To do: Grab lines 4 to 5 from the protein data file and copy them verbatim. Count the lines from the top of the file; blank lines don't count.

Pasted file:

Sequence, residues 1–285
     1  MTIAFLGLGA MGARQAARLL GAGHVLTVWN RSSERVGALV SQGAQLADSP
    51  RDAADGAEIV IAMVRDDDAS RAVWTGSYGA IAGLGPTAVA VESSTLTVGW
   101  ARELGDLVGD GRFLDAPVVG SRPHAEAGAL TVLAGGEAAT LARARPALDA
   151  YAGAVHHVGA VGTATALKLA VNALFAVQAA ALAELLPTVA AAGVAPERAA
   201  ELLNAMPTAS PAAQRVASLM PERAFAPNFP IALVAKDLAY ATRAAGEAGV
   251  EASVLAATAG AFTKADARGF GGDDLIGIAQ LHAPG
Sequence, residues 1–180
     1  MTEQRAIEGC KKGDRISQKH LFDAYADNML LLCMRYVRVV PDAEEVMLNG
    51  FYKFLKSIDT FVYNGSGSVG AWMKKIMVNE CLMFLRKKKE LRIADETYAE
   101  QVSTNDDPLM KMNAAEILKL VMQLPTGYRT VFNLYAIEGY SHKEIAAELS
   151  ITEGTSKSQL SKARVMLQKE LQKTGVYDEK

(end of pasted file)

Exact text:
   101  ARELGDLVGD GRFLDAPVVG SRPHAEAGAL TVLAGGEAAT LARARPALDA
   151  YAGAVHHVGA VGTATALKLA VNALFAVQAA ALAELLPTVA AAGVAPERAA